By Amber Hardy and Jake Holmes
For years the women of Carlow have ruled the campus with their overwhelming numbers compared with the men. However, we serve to shed some light on the men on campus .
While women are still in the majority at Carlow at 89 percent, the amount of men has increased, currently at 11 percent. Still, men have their place here. They have taken over the 10th and half of the fourth floors at Frances Ward Hall. There is varsity men’s basketball and men’s cross country.
College is an experience, and the men of Carlow just have a few more women in the mix than others.
Still, at times the divide is great and evident.
“I’d say for the most part it’s entertaining, but there can be times where the guys may feel left out,” sophomore Eric Morris said.
The Chronicle decided to take a look at the perspectives from both the male and female side.
I’m only a sophomore, so I’ve been here while the male population is on the rise. While I don’t feel a divide personally, I can still see one.
Men will be scattered here and there among the girls, or in a large group of just men. Maybe this is not such an unordinary occurrence, but in a school this small it gets attention.
Making male friends is just like making any other friends; smile and be funny. However, if the dating pool were a concern of mine, I’d have to point out that there are slim pickings.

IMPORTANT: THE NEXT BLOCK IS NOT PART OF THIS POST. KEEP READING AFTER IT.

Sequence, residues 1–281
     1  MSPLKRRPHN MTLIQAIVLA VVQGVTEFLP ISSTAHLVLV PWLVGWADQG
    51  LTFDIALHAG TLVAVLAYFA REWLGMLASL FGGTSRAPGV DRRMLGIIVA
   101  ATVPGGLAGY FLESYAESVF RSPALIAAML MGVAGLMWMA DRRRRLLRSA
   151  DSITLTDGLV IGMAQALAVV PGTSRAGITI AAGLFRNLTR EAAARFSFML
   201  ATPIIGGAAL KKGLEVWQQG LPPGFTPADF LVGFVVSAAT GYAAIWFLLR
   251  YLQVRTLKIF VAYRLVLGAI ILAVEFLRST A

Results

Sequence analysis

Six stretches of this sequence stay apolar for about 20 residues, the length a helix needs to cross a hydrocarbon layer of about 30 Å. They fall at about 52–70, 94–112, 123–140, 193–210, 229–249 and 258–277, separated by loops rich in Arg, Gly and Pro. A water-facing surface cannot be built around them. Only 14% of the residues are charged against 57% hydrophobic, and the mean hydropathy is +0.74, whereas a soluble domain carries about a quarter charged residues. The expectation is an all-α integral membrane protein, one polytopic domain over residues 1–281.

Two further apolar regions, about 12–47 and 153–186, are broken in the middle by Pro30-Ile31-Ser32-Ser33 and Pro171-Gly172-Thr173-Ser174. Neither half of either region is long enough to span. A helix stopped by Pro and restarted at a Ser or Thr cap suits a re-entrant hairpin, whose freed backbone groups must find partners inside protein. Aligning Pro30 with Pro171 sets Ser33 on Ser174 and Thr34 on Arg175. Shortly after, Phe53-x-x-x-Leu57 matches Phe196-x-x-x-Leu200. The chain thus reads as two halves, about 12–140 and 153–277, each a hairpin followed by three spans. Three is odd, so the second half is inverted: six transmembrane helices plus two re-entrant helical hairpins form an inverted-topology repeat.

Still, Carlow feels like home, and the friends that I’ve made here feel more like family. And like any family, gender is irrelevant.
Several people don’t know that men have been able to enroll at Carlow since post World War II. However, men were unable to live in Carlow’s residence halls until 2011.
When applying to Carlow, I didn’t know how drastically low the male population was. Four years ago, when I walked onto the men’s floor, only 7 percent of Carlow’s population was male.
A lot has changed over the past four years with our new University Commons and the amount of men on campus nearly doubling. This is in large part due to the addition of men’s basketball and cross country.
Although sports have brought in around 25 male athletes over the past two years, others came to Carlow before athletics were even an option for males. In 2012, my maiden voyage to Carlow, I clearly remember playing five-on-five with the women’s basketball team and entering the Pittsburgh Sports League as men’s basketball was being contemplated by the university. That was the extent of men’s athletics. Now we’re adding men’s soccer and golf for 2016-17.
Going to a school where the population of women heavily outweighed that of males never was an issue. I had lived my whole life with my mother and older sister, therefore I was used to women.
Although I had a lot of female compadres, it felt as though I had 15 brothers. The men’s floor (first floor of Frances Warde Hall) wasn’t just ‘a group of guys;’ it was truly a brotherhood.
We knew we were the minority and we had to stick together.
One of those “brothers” I have had over my time at Carlow is Tirrell Harris, a senior business major who loves the friendly environment at Carlow.
“Carlow is so small, that’s an advantage.” Harris said. “When I came here it was definitely weird for some people that guys were living here. But the people here are so great, everyone got used to it.”
Harris agreed that things have changed over the years, the sports community is growing and Harris said these changes are “for the better.”
Although now there are twice as many men at Carlow than there were a few years ago, there is still a sense of family among mean from the “pre-athletic era.” Even though I only have six more months as a student at Carlow, I’ll never forget my experience here. It is something that only a few people can really understand — Carlow’s male alumni.
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